Beware When "News" Programs Get Boring
In the book, *Extraordinary Popular  Delusions and the Madness of
Crowds*, past financial bubbles -- the Tulip Craze and the  South
Sea  Land Bubble -- are outlined.  The current financial craze --
derivatives and "irrational exuberance" in the stock market -- is
nothing new.  It too  will  end,  just as past financial lunacies
have ended, with the bubble  bursting  and  tremendous  financial
Concurrent with the growing financial bubble of the past 20 or so
years  has been a "reality bubble," personified by the "political
correctness"  movement.   Crazy  ideas  are  browbeaten  into the
public mind, and disturbing (to the reality bubble) truths wander
outcast, exiled from mass media outlets.  But the bursting of the
financial bubble is a cloud with  a  silver  lining:   concurrent
with economic collapse, "political correctness" will wither away.
"The  sky  is falling.  The sky is falling."  Lyndon LaRouche and
his worshippers have chanted their mantra of doom for years.  But
sooner or later, the odds  favor  that they will be correct.  The
current issue of New Federalist (3/24/97) points to now as  being
that time.
Beware when mass media "news" gets too boring:  at such times, we
know that a lot is cooking beneath the surface.
ITEM:   Federal  Reserve  Chairman  Greenspan  has called surreal
stock market highs irrationally exuberant.  It now looks like the
Fed is about to raise interest rates.  Does Greenspan's wife, NBC
newsperson Andrea Mitchell  know  anything?   Do  you think she'd
tell us about it?
ITEM:  New Federalist, itself a shaky source belching  LaRouchian
"thought,"  nonetheless  includes  quotes  from  leading European
newspapers to support its claims of imminent, and even *ongoing*,
collapse.  Quoting  from  a  London  Sunday  Telegraph (March 16)
Business Section article, New Federalist sees a  larger  meaning:
the  very  fact  that  Telegraph  *prints*  the  article  is *in*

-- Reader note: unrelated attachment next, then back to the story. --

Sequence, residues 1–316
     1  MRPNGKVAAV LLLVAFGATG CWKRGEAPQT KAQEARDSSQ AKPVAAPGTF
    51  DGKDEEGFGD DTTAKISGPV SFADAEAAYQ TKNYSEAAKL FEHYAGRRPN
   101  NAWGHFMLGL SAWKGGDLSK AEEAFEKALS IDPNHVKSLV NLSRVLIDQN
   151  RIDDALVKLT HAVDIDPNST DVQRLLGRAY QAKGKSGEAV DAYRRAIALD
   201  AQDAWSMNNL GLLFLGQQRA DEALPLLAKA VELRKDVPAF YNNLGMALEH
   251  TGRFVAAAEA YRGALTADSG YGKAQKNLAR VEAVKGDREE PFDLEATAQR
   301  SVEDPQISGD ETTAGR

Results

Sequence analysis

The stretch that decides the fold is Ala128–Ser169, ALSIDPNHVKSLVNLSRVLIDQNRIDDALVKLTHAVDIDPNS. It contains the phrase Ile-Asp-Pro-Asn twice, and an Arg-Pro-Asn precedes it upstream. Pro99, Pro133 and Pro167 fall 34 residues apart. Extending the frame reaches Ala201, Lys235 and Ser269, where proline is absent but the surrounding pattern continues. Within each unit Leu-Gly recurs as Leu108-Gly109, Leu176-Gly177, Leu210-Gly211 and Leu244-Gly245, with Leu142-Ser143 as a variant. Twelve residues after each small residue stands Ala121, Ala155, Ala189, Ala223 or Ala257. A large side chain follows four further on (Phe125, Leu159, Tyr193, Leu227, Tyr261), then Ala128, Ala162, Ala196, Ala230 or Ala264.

*itself*  significant.   Says   Telegraph:    "The  City's  worst
nightmare,  a  meltdown  provoked  by  a  crisis  in  derivatives
markets,  suddenly  looks  less  like  a  lurid  chapter  from  a
paperback,  and  more  like  a  future  event."   To  this,   New
Federalist adds,
  The  significance of the Sunday Telegraph story, and of the
  same paper's March 9  warning  of  the "$55 Trillion Horror
  Story," lies not in the articles' texts, but in the fact of
  their publication.
  LaRouche, in a feature in last week's EIR  magazine  (March
  21),  observed  that  the Sunday Telegraph's publication of
  the March 9 story  "reflects  a radical phase-shift in both
  the  international  financial  situation,  and   also   the
  political situation."
ITEM:  New Federalist quotes "a senior British media official" as
saying,  "My  reading  is  that  something  very  big is about to
ITEM:   Donald  Gordon,  head  of  international  insurance giant
Liberty Life, warns of "dramatic casualties," and adds that  Wall
Street "will be at the center of the readjustment."
ITEM:   Congressman  Bob Barr (R-Ga) wants to impeach *both* Bill
Clinton and Al Gore.  In  his column, "Inside Washington," London
Sunday Times Washington correspondent  James  Adams  writes  that
Barr's  going  public  with  the  impeachment  idea "represents a
significant escalation."   Barr  reportedly  has initiated formal
preparation of articles of impeachment.
ITEM:  Says Congressman Henry Hyde (R-Ill), "We are studying  the
law  of  impeachment,  the  procedures of impeachment... we'll be
ready when the time comes."  When will "the time" come?  When the
financial  bubble  bursts  and   millions  of  usually  insensate
Americans discover that they are furious about it?
ITEM:  Credit card delinquencies in the U.S. are at record levels
-- highest since 1973,  when  records  were  first  kept  by  the
American  Bankers Association.  Have you noticed lately how banks
have been *begging* you  to  please,  please sign onto their Visa
and Mastercard offers?  Can you say,  "Pyramid?"   Can  you  say,
"Debt  bubble?"   In  eleven years, credit card debt held by U.S.
households has quintupled.  Can that  debt be re-paid, or will it
be repudiated?  What happens if it is repudiated?
ITEM:  For about the past year, the ultra rich have  been  moving
their wealth out of financial instruments and into durable goods.
Do they know something?
So  you,  you  turn on the evening news and what do you see?  You
see Doctor Quack  soothingly  and  handsomely  giving his bedside
manner to ageing housewives.   You  see  a  claque  of  so-called
"feminists"  whining  for  *yet* *another* pillow to sit on.  You
see Bill Clinton  spewing  endless  vocabulary.   Beware when the
"news" gets boring.